A mindful lifestyle enhances the brain’s ability to rewire itself through experience, thoughts, and behavior. It’s called neuroplasticity. That is, the brain is more like pliable putty than rigid porcelain. What we think about and do changes our brain. When mindfulness effects neuroplasticity it’s like an electrician running new wiring to bring a house up to code. 

4. It helps us live more as human ‘beings’ rather than human ‘doings.’

God created us with incredible minds that allow us to solve intricate problems. But sometimes our problem-solving mode does not serve us well. When we face emotional pain and stressful thoughts, we try to solve these problems. Why do I feel this way? Where did these thoughts and feelings come from? What can I do to make them go away? 

This problem-solving mode is called the doing mode. The doing modetricks us to believe that productivity, speed, and efficiency are ultimate goals in life. When we stay in our doing mode, itis like being on autopilot all the time. We act with little clear thinking.

Our being modegives us a new perspective that frees us from overthinking, mentally reacting, and allowing afflictive emotions or thoughts to snowball. In the being modewe actually stay closer to Truth which in turn frees us. Jesus said in John 8.32 that when we know the truth, it sets us free. Knowing the truth in Jesus and knowing the truth about the present moment does indeed set us free. And mindfulness helps us ‘be’ in the moment more often.

5. It helps us learn to live in the valleys of life with more peace.

Researchers have categorized mindfulness as either a trait(a lifestyle, habit, or disposition stable over time)[9]or a state(temporary and may be induced by our current situation). As you grow in your ability to make mindfulness more of a trait in your life, you will more often bring an awareness of God’s presence to your mind, heart, and activities, a posture Paul describes as praying without ceasing. (1 Thes 5.17, NIV)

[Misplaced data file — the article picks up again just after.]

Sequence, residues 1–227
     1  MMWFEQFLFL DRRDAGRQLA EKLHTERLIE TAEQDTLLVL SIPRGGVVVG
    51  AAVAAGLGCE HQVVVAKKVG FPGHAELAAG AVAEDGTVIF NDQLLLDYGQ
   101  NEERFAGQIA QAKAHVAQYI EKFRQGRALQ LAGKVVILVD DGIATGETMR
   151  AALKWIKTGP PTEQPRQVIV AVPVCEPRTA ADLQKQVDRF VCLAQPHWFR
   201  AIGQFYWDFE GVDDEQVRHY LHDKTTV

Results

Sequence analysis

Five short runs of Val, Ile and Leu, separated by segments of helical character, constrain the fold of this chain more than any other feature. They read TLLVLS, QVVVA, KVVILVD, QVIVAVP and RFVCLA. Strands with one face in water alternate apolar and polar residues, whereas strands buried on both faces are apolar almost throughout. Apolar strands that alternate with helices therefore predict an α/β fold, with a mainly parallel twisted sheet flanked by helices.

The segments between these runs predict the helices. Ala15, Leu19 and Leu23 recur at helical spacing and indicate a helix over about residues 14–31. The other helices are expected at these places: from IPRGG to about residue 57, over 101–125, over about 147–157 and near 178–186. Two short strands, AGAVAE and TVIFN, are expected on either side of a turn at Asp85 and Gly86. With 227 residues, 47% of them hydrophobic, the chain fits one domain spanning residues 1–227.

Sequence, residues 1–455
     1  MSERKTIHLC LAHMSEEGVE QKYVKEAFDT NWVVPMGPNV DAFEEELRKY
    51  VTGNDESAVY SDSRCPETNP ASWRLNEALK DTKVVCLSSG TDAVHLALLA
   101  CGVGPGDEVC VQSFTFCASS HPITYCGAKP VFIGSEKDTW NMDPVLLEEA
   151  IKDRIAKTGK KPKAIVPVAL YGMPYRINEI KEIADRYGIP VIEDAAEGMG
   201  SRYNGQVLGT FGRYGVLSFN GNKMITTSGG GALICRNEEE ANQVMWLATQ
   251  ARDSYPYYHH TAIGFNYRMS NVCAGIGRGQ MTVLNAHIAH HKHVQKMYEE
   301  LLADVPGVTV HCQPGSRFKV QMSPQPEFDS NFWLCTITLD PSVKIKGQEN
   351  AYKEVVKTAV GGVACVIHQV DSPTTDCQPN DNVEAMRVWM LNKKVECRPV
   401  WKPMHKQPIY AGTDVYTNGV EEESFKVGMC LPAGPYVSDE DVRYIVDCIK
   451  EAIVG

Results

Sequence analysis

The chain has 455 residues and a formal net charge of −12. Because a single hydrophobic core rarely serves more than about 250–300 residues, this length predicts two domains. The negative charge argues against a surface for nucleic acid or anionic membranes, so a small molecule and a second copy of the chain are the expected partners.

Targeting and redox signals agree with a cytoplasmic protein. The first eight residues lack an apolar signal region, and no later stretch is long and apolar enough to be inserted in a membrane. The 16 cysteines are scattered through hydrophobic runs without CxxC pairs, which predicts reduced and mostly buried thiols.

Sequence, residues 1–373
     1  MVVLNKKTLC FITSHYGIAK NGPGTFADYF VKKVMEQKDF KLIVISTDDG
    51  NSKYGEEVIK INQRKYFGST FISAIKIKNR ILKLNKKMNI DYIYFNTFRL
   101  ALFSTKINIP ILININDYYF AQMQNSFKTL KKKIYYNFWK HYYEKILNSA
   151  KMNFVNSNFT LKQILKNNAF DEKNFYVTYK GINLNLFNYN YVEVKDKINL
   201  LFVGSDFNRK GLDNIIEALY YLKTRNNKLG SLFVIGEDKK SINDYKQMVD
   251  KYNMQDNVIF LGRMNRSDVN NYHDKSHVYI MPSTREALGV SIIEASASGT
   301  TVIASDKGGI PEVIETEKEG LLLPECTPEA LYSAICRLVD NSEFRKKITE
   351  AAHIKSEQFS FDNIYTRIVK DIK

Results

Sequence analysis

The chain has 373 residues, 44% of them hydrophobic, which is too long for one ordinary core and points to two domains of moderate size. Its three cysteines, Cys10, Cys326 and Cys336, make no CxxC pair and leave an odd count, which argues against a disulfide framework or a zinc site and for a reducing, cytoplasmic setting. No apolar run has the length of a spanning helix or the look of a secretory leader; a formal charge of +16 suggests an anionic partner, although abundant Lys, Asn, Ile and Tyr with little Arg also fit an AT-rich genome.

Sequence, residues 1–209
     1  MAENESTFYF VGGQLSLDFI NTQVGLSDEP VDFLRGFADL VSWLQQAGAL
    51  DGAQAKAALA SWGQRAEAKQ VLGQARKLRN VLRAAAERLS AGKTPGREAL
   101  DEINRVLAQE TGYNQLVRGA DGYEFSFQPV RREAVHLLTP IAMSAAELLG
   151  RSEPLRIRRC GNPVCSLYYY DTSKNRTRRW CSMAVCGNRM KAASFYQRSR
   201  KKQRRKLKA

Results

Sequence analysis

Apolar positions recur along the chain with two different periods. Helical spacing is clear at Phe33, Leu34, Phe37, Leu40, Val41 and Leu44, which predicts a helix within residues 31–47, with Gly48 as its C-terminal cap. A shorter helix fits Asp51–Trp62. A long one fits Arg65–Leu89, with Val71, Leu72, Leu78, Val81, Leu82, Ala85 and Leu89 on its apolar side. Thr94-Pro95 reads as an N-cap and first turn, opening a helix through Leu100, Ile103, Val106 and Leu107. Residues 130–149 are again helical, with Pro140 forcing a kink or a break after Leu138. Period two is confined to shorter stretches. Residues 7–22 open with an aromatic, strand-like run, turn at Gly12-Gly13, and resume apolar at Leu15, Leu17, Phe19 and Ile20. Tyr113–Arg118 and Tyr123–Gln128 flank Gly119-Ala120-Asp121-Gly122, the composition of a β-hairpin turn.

Devotional writer, Oswald Chambers, illustrates this state versus trait idea when he writes about mountain top experiences versus living in the valley. He says that we are made for living in the valleys of life not in the mountain top experiences, even though we may want to live there.[10]He writes, “It is in the valley that we have to live for the glory of God. We see His glory on the mountain, but we never live for His glory there.[11]

6. It minimizes the effects of chronic stress. 

Chronic stress damages our bodies through the long-term effects from the stress hormone, cortisol. Practicing mindfulness can decrease the amount of cortisol in our bloodstream.[12]It also increases our brain density (gray matter) in areas involved in memory, learning, problem solving, conflict monitoring,[13]emotional self-awareness, and self-regulation.[14]It can even help improve our sleep[15]which chronic stress often disrupts.

7. It improves the bio-markers of a healthy body.

One of the most exciting new neuroscience findings involves its effects on inflammation, now considered a key marker in many chronic diseases. In one study, participants who went through a three-day mindfulness retreat showed a decrease in a biomarker of inflammation compared to a control group.[16]Another study showed a direct link between this practice and reducing genetic markers associated with inflammation.[17]

Another exciting finding involves a key measure of health called heart rate variability (HRV). HRV measures the variation between each heartbeat. A higher HRV is considered a measure of good health. For those who struggle with anxiety, mindfulness is associated with a higher HRV.[18]